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Is it a bird? Is it a plane? No, it’s Super-scholar

Scholarly superheroes and campus life often feature in comics, but do they capture the real-life dramas of academia?

David Parkins illustration (24 July 2014)

Source: David Parkins

The thing about scientist characters is that they can supply the ‘logical’ solution to a plot, either through their fast thinking or via their inventions

Who is the most famous alumnus of Pembroke College in Oxford? Wikipedia suggests the great 18th-century writer and lexicographer Samuel Johnson, who never completed his degree; James Smithson (of Washington DC’s Smithsonian Institution); and William Fulbright (of the Fulbright Scholarships). There is no mention of Charles Francis Xavier, aka Professor X, the paraplegic leader of the X-Men in countless comic books and now a major film franchise.

When universes get rebooted, as is the way in comic books, his backstory changes, but he seems to have graduated early from Harvard, spent two years at Pembroke, got a fistful of PhDs and secured a position as adjunct professor at Columbia University. It is not until he opens a school for gifted young mutants, however, that the fun can really start.

In any event, one episode in the Uncanny X-Men series, originally released in 1984-85, includes a short section set in Oxford. Professor X attends a tutorial by a celebrated geneticist and falls in love with a woman called Moira Kinross, partly because “we were the only ones who had a clue about the ultimate implications of genetic mutation, and we discussed them passionately”. The episode even includes a fairly accurate image of the quadrangle at Pembroke.

Anyone interested in the academic or scientist as superhero can find plenty of other examples within the mainstream world of Marvel Comics. Reed Richards of The Fantastic Four, for example, already has degrees from MIT, Harvard, Columbia and the fictional Empire State University when he embarks on a fateful space flight and a blast of radiation turns him into the infinitely elastic Mister Fantastic.

Alan Moore and David Gibbons are often seen as having reinvented the superhero genre, adding whole new dimensions of human and political depth when they produced Watchmen in 1986. Here, the single character with true superpowers is Jon Ostermann/Dr Manhattan, who has just graduated with a PhD from Princeton when he begins working at the Gila Flats facility for particle physics. It is only when he gets trapped and atomised in the test chamber of the intrinsic field subtractor, and then reconstructs himself by sheer force of will, that he becomes blue-skinned and endowed with powers of telekinesis, teleportation and clairvoyance.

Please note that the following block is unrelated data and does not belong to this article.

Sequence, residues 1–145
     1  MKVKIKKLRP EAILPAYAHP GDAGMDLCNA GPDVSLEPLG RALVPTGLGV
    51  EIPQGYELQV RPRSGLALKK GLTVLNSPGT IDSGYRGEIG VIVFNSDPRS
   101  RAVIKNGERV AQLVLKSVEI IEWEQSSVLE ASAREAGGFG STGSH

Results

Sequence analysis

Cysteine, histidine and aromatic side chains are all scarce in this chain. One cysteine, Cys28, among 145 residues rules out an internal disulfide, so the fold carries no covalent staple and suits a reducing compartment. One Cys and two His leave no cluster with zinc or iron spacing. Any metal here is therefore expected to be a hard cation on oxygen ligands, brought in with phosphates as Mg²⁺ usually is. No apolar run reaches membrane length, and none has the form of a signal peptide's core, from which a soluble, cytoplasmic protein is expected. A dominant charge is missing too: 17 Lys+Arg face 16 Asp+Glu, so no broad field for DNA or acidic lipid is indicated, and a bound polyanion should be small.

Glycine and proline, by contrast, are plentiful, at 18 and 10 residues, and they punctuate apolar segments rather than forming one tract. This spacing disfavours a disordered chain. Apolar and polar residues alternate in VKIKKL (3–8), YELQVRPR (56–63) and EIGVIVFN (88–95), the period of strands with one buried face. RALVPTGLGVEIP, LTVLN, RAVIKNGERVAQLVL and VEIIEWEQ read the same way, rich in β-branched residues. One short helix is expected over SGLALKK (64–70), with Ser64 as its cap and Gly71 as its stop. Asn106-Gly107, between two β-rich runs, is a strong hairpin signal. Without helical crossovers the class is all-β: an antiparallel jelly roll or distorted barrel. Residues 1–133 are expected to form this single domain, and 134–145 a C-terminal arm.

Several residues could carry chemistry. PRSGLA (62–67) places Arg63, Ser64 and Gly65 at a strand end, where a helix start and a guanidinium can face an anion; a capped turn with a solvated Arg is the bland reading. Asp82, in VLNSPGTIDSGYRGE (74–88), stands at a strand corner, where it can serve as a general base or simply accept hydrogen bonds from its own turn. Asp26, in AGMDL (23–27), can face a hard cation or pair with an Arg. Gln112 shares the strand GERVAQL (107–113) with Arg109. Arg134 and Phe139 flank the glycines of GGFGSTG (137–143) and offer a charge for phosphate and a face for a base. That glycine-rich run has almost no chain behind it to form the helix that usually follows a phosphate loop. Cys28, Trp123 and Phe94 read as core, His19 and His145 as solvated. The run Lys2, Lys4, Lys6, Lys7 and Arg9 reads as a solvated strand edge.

To some academics such tales will seem to have little significance, but not to Stephen Mumford, professor of metaphysics at the University of Nottingham. Mumford suspects that his “choice of career was in part because I grew up reading comics. I was a big fan of Spider-Man, which in its early days was all about university life. He was a student at Empire State University and it seemed like half his professors were super-villains in the making. Dr Curt Connors became The Lizard and Dr Miles Warren became The Jackal. A lot of the fights were on campus…

“I suspect Stan Lee [co-creator of X-Men, The Fantastic Four and Spider-Man, among others] liked to set the stories at universities because it was where a lot of science occurred and science could soon lead to superpowers! But there was also an ethos that learning was good and you should work hard at your studies. I think this was Lee’s personal ethic, though it often had a twist that you needn’t expect rewards for your academic endeavours. It was all reminiscent of the myth of Gyges’ Ring in Plato’s Republic. These people did great things – they sometimes saved the world – but got no praise or acknowledgement. Like Plato’s, Lee’s message was that the good was its own reward.”

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